Castello di Ama has for many years produced Grandi Vini di Terroir, great wines rich in terroir, wines fully able to stand up to the passing of many years, but we were certain that their terroir, this magical corner of earth, harboured the power to speak to the hearts of artists, to stimulate their sensitivities, and, through its genius loci, to widen the horizons of knowledge.
The contemporary art project in Ama began in 1999, in collaboration with Lorenzo Fiaschi and Galleria Continua. On average, one commission has been added every year. Philip Larratt-Smith was appointed as the project’s curator in 2015, working with Castello di Ama to select the artists.
The project, founded on these premises, sets itself the goal of making the invisible accessible, and aims to leave for the future a tangible message in a universal language.
Ama, located in the commune of Gaiole in Chianti, in the province of Siena, is a tiny hamlet perched on a rise at some 500 metres’ elevation, in an enchanted landscape that conjures up the frescoes of Benozzo Gozzoli.
Strolling among the late 18th-century villas that make up the village, one feels that time has stayed still, since the three centuries since their construction have left no trace.
The reasons that nothing of any artist merit was ever added are various, but at their heart is certainly the deep poverty that oppressed the area with the economic collapse of the Chianti region.
Today, now that wine has returned to reign here and function as the economic powerhouse of the district, it is our duty to make up for that historical wound to such a beautiful area and to therefore build the future perfect, as it were.
Genius, in Greek philosophy, was a divinity who represented all generated objects and who at the same time was able to generate them. St. Augustine defined Genius as the talent which invents and creates, but it was Kant who gave a much more in-depth characterisation in his “Critique of Judgment”, defining it as the talent for discovery. The Genius is he who incarnates the possibility of discovering; he may not understand fully that discovery, but he must be capable of producing something masterful, something, that is, that will serve as a benchmark for all. Our term Genius derives from Genius, since it is simply the ability given by Nature to Man, at his birth, that drives him to bring forth things of originality. When loci, the Latin genitive of locus, or “place,” is added, it specifies the unique genius specific to an individual place.
The term terroir is used in oenology to define the uniqueness of a specific wine. It is pictorially represented by a triangle whose angles indicate the land, the climate, and the grape variety, and at whose centre is man himself. Only a few growing areas rise to the level of terroir, and a vineyard that lacks terroir is like a de-consecrated church: it seems to lack nothing, but in truth it lacks that which is most important.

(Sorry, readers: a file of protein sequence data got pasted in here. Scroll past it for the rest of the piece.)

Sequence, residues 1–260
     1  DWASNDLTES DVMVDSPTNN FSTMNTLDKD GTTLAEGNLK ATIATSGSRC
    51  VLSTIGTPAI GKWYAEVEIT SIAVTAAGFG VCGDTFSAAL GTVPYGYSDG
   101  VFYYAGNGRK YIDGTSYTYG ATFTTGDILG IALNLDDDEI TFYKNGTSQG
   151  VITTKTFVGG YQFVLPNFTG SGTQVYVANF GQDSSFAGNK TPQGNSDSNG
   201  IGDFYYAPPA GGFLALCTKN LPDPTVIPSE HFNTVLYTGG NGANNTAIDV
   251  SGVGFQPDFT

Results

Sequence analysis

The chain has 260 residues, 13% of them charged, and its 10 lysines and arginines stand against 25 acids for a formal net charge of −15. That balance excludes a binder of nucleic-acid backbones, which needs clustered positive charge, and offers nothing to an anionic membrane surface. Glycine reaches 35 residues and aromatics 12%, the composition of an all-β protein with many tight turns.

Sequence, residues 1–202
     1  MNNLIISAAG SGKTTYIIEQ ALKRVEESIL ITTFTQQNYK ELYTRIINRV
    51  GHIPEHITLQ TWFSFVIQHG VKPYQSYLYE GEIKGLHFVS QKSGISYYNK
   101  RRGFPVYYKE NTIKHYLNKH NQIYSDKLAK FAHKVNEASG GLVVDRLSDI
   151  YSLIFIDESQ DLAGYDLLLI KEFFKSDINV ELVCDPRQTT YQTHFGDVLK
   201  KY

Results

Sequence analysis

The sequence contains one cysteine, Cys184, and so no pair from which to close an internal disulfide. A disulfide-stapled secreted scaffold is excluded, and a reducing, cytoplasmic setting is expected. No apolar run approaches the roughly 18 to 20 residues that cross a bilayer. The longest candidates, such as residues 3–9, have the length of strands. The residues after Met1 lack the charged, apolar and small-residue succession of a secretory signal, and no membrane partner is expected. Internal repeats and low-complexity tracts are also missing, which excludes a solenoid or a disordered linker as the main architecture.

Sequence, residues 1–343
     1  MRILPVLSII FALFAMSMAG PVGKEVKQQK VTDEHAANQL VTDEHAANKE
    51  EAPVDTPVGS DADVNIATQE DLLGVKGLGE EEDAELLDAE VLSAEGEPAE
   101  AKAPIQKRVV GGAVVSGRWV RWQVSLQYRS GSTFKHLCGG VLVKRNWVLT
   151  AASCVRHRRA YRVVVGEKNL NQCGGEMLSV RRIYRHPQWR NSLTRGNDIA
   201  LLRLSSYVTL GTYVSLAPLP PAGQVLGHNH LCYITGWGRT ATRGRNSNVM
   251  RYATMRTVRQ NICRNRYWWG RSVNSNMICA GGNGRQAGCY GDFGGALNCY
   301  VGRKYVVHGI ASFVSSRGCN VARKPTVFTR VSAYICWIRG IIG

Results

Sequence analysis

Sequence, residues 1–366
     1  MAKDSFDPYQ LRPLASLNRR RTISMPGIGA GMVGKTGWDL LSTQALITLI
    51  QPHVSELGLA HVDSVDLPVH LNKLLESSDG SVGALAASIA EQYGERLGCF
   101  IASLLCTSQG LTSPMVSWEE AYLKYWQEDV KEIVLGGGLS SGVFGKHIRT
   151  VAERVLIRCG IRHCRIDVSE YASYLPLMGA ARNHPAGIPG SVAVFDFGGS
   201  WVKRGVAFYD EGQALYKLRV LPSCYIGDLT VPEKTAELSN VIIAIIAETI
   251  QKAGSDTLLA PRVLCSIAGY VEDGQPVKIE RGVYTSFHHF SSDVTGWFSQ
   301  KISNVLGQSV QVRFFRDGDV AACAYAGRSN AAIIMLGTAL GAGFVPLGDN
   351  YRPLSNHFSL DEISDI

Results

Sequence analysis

Staying at Ama, listening to its stories, breathing in its air, enjoying its wine: this is the best way for us to introduce ourselves. And in this way the Artist becomes fecundated by the Genius Loci, just as the Winemaker by the Terroir, and creates something masterful, unrepeatable, specific to that one unique spot. Here and nowhere else. One artwork per year, with the same rhythm as the harvests.
[...] From the main entrance of the venerable cellars of the Castello di Ama, we can see a great trunk standing at the end of the staircase. Inside a fissure in the roundness of its trunk has been inserted a mirror (a sort of lesion), cut in various angles so as to produce different refracted images. Michelangelo Pistoletto confronts us with a powerful and synthetic image, a work on the dialectic between the unity and division of the mirror. [...]
[...] There is a representation at the Castello di Ama as well, or rather an instrument through which something is represented. A wall twenty-five metres long and two metres high has been built in front of one of the buildings of the castle complex in order to close off the view of the surrounding countryside, but at the same time to open it up in a very particular way. The wall is dotted with square windows that frame and thus emphasize the beautiful landscape of the valley, thereby re-elaborating the tradition of “landscape painting” but also the equally habitual notion of painting as a “window” onto the real. [...]
[...] Paradigma is a parallelepiped of stone slabs in a metal frame, in which can be seen two equivalent parts, one on top of the other. The lower part is closed and impenetrable to the eye, opaque and solid; while it is as if the upper one has exploded, disseminating fragments everywhere – on the framework, which is visible and open to view, and in the room where the sculpture is sited. The contrast is very clear-cut, and indeed it is precisely for this reason that one sees more clearly that the slabs forming the faces of the lower section are in fact a little set in from the frame, as if they were imploding. [...]
[...] The fact that the NOITU(LOVE)R was conceived for a wine cellar emphasizes on the one hand the specific transformation of wine and, on the other, highlights the everyday revolution we all conduct at home. The fact that this wording is set in a room evocative of a Romanic crypt, red like a primary colour, but also red like blood, points us in the direction of Geers’ research. [...]